STILLWATER — As Americans debate the role of inflammatory political rhetoric and the ability of misinformation to incite violence, one local group is keeping its focus on the facts.
Civil discourse, adherence to reason and evidence, and equal participation are always on the agenda at meetings of the Critical Thinking Club, a group founded by Stillwater resident Lee Salisbury.
The idea for the club struck him about 11 years ago when Salisbury was in the woods cutting buckthorn.
“I was at a time in my life when I was rather frustrated with people who were liberals and people who were conservatives, and religious and non-religious, and it occurred to me there aren’t cases on all sides,” he said. “An epiphany occurred to me — it’s not what you think, it’s how you think.”
Salisbury, now an atheist who spent 14 years as an evangelical minister and 25 years in commercial real estate banking, got together with a couple of friends, George Kane and Bob Korn, and held the first meeting of the St. Paul Critical Thinking Club in January 2000. That group grew by word-of-mouth and in 2007 it decided to start a club in Stillwater, so Salisbury enlisted a neighbor, Bob Lepp, to seek out meeting space at FamilyMeans. Soon Dale McGowan, a charter member of the St. Paul group who taught critical thinking at the College of St. Catherine, started a club in the Minnetonka area. Salisbury has since assumed leadership of that club as well, so he attends monthly meetings of all three groups.
“We try to have a format that encourages everybody to participate. I’ve often said this is not like church where you go hear somebody give a talk and then shake hands and say thank you and walk out … or like civic clubs where you hear a speech. We want topics that challenge people to think, and we want a vigorous yet civil critique of the presentation and of the topic and the material presented — what is the evidence for the presentation, the validity of the evidence, and so on?”
Salisbury said there are no dues, no fees and no registration required — and coming to one meeting makes one a member.
Presentations are made by members of the club. Topics — the more controversial, the better — are emailed out in advance so attendees are encouraged to do preliminary research if they wish. “We’re always looking to the members to say ‘Now who’s going to speak next month, the following month, and so on.’” The speaker’s presentation usually lasts about 45 minutes to an hour, then the club breaks up into tables of six or eight people. Each is given a sheet of paper with a question or comment meant to spark about 15 minutes worth of discussion on an aspect of the presentation. Then someone from each table gives a review of their discussion, followed by a general question-and-answer time for the speaker.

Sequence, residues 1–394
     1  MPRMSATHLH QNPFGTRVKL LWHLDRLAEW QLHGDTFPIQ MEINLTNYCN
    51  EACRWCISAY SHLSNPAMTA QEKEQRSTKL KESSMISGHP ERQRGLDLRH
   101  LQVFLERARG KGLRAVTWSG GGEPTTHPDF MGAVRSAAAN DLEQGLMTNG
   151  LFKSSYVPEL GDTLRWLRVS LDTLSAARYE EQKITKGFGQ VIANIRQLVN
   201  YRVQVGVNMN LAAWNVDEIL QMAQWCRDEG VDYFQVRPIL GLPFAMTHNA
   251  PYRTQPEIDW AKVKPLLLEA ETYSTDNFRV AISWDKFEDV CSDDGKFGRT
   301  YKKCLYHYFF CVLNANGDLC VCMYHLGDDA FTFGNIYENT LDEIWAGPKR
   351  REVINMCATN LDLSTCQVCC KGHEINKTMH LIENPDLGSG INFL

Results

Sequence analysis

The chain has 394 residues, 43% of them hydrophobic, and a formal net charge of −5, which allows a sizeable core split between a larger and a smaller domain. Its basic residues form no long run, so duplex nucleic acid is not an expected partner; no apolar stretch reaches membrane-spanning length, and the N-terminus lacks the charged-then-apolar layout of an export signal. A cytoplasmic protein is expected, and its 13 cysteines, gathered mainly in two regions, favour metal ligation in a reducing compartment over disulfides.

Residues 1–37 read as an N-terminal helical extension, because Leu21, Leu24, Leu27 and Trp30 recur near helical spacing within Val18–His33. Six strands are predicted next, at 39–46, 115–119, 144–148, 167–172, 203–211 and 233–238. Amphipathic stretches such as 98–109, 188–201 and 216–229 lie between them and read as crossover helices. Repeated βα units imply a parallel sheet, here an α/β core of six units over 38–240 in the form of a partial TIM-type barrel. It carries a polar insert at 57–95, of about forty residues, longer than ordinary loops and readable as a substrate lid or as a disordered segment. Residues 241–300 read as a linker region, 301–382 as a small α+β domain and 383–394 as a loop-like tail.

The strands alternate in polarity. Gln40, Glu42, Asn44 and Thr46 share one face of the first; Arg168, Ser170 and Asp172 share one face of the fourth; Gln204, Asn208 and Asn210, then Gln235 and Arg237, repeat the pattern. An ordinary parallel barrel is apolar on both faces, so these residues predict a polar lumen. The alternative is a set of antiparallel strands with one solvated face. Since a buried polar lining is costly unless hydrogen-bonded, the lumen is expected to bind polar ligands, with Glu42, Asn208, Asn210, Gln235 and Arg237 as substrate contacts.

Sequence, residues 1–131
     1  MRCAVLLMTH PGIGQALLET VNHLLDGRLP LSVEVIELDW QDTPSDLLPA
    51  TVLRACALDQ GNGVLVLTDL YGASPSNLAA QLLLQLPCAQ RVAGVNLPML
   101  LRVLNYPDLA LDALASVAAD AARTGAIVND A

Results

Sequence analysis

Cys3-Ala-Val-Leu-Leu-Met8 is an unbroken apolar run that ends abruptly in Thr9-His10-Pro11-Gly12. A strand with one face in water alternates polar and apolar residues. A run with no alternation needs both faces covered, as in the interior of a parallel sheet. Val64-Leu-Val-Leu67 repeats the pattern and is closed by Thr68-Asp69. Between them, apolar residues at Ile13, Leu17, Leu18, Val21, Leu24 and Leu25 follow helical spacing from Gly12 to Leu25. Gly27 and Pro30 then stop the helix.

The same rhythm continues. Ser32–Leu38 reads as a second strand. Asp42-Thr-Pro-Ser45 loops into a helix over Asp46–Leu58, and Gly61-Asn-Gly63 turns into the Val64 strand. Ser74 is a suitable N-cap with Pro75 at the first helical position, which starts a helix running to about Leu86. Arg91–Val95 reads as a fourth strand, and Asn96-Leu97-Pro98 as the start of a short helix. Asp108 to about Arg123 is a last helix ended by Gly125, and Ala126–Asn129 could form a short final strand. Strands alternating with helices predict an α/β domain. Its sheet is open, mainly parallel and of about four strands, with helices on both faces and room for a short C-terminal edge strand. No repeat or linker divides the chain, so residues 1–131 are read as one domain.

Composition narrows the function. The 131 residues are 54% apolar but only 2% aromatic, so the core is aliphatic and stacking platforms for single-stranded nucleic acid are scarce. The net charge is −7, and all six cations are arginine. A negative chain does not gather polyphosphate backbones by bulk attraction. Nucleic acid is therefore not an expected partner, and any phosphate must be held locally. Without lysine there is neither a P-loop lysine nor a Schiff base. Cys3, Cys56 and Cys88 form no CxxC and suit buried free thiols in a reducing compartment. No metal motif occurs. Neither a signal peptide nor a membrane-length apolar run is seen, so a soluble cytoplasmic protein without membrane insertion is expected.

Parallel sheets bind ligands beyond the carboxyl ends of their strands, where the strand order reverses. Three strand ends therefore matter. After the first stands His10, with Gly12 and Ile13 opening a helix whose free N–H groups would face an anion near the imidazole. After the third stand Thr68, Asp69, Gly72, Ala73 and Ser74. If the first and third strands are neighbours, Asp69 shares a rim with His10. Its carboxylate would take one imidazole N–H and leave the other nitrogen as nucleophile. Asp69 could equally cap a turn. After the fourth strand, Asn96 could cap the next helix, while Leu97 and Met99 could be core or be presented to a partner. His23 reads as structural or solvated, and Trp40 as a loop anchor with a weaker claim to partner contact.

At the most recent meeting Jan. 10, participants heard Dick Taylor, a student of the economy and 30-year teacher of economics in the Minneapolis Public School System, speak on the topic “1945-2007: Historical Roots of the Great Recession.” The focus was on events leading to the recession rather than the recession itself.
Members tend to be well-read individuals in their 50s or older, though there are members in their 30s and 40s. The club always welcomes new members, but with attendance averaging 30 or 40 at a meeting, the clubs aren’t out recruiting, Salisbury said.
“The idea is to get people to participate and not just sit there like a bump on a log and say nothing. They’re bound to hear things they don’t agree with. If somebody’s making a presentation and their facts are lax or inadequate, it needs to be pointed out. People are challenged to think about things in a new way.”
Topics range from science, politics and religion, to cultural issues. One of the group’s biggest draws was a talk on whether belief in God is compatible with critical thinking, he recalled. Other topics have dealt with the economy and taxation, the role of pornography in causing abuse, historical roots of the great recession, underachieving males, and whether Jesus was a historical person.
Though he has no formal training in critical thinking, Salisbury’s career in mortgage banking relied heavily on logic and reason, determining whether commercial projects should be financed and how, he said. Now retired, he has done freelance writing and public speaking on topics like humanism, atheism and politics. The lack of critical thinking in today’s world is what prompted him to form the clubs.
“It’s an idea that developed out of my frustration with people and the way they become ideologues, and pursue ways of thinking which reject the facts,” he explained.
The Stillwater Critical Thinking Club meets the second Monday of each month at 7 p.m. at FamilyMeans, 1875 Northwestern Ave. in Stillwater. The St. Paul Club meets the second Sunday at 10 a.m. for breakfast buffet at the Kelly Inn, and the West Metro Club meets the fourth Saturday at 10 a.m. Contact Salisbury at email@example.com.
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